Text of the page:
The Minister of Finance has confirmed what Foroyaa has been alluding to since the beginning of the unseasonal rains.
The Minister said Gross Domestic Product (GDP) for 2014 is estimated at 2 percent compared to 4.6 percent in 2013. According to him, this is due to the decline in tourism and agriculture which he identified as two leading drivers of economic growth.
According to him, “tourist arrivals for the 2014/2015 winter season have declined by 60 percent.” The domestic debt of the country is growing in the face of growing expenditure without a proportionate growth in revenue generation. The contraction of the economy is having far reaching effect on foreign exchange earnings and income generation. Hence the dalasi has been declining in value. According to the Minister by the end of September 2014 the dalasi depreciated against the dollar by 23.5 percent; 17. 8 percent against the Euro, and 22.1 percent against the pound sterling.
In the face of an increase in the budget amounting to 11.7 billion dalasis as projected expenditure for 2015, it is important for the public to know how the revenue would be raised.
Domestic borrowing is supposed to be reduced and the climate for grants is being polluted by incomprehensible rigidity on governance issues.
Hence, the government would only try to cope by increasing or expanding the tax base or reduce the expenditure on services or both.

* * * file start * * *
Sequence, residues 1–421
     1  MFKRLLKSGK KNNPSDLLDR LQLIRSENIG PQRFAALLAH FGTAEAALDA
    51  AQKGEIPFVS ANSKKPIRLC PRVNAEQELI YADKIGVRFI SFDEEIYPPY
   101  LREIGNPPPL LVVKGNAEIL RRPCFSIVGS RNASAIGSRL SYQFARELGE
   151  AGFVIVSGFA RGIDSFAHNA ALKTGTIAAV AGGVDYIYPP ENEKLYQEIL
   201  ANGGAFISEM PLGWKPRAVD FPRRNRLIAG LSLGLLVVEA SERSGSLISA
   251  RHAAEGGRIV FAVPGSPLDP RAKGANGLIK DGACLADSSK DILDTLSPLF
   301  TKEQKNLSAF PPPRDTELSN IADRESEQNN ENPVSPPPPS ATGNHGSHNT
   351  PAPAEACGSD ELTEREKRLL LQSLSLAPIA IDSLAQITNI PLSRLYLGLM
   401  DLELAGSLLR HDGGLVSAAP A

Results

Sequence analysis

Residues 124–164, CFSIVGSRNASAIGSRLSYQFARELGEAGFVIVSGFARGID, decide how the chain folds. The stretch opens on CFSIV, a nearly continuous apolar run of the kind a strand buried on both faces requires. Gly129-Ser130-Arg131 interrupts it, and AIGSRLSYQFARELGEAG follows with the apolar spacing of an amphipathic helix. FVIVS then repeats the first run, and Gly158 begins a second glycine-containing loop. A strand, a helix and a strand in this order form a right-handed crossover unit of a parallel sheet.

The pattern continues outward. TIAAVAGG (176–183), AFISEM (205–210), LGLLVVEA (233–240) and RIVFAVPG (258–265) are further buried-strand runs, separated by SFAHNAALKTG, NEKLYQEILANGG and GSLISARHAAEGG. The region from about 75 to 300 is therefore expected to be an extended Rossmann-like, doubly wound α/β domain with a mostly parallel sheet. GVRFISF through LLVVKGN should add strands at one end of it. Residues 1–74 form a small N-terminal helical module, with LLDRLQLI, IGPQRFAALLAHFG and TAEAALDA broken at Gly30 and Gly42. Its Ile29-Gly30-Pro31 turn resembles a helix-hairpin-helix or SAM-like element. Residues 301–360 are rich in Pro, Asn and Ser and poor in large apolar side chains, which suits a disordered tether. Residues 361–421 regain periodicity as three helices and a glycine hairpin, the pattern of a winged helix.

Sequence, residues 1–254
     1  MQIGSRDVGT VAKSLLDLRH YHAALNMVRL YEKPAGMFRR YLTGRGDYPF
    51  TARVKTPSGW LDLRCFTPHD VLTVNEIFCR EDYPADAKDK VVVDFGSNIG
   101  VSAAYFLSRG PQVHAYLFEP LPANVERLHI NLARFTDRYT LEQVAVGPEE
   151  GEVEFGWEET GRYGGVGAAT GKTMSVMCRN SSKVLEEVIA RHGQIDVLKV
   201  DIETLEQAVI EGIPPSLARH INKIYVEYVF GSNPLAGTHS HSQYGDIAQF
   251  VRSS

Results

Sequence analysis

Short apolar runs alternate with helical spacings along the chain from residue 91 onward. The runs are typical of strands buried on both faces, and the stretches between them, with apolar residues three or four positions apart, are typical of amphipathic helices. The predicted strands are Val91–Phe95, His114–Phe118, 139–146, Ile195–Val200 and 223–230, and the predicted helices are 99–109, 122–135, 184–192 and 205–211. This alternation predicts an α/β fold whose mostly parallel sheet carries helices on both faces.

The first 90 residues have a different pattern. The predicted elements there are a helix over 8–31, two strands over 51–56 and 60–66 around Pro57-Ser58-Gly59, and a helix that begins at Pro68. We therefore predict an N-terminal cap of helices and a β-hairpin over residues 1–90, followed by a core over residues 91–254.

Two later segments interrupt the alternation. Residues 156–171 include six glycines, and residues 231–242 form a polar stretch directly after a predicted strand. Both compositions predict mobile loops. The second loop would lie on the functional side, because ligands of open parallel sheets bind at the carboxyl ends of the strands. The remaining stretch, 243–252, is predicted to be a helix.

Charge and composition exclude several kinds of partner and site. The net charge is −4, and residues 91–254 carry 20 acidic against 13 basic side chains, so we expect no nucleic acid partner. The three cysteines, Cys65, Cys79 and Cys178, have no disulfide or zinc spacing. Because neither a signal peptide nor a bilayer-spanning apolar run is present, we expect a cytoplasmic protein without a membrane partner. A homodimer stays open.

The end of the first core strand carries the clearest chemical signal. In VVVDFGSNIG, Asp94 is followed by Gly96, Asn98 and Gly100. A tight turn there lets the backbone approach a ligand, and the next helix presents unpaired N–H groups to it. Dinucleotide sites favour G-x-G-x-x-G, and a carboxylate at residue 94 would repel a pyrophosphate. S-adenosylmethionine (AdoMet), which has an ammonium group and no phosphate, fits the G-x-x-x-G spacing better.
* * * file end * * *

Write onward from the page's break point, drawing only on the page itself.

It is therefore no surprise that the levy on mobile phone companies has increased by a hundred percent, that is; from 1.25 percent to 2.5 percent which is expected to yield 33 Million dalasis . A fuel levy of 1 dalasis per litre is to be introduced which is expected to yield a sum of 88 Million dalasi. There will also be 35 percent levy on imported poultry product. This is expected to yield 15 Million dalasis. Import levies on Premix oil is to be increased from 4.76 dalasis per litre to 11.42 dalasis per litre which is expected to yield 60 Million dalasis.
Excise tax on cigarettes is to be increased from 9 dalasis per packet to 12 dalasis per packet while excise tax on other tobacco products is increased from 150 dalasis per kilogram to 200 dalasis per kilogram. Environmental tax on cigarettes and other tobacco products increased to 2.20 dalasis per packet and 110 dalasis per kilogram, respectively.
All these taxes and levies would be passed on to the consumers.
Only a government with the political will to undertake electoral, constitutional, institutional and administrative reforms could attract an increase in grants in the face of a declining economy which is so badly in need of budgetary, infrastructural and institutional support.
The choices taken by the government would determine whether it would be afloat or sink deeper into economic crisis. The future will tell.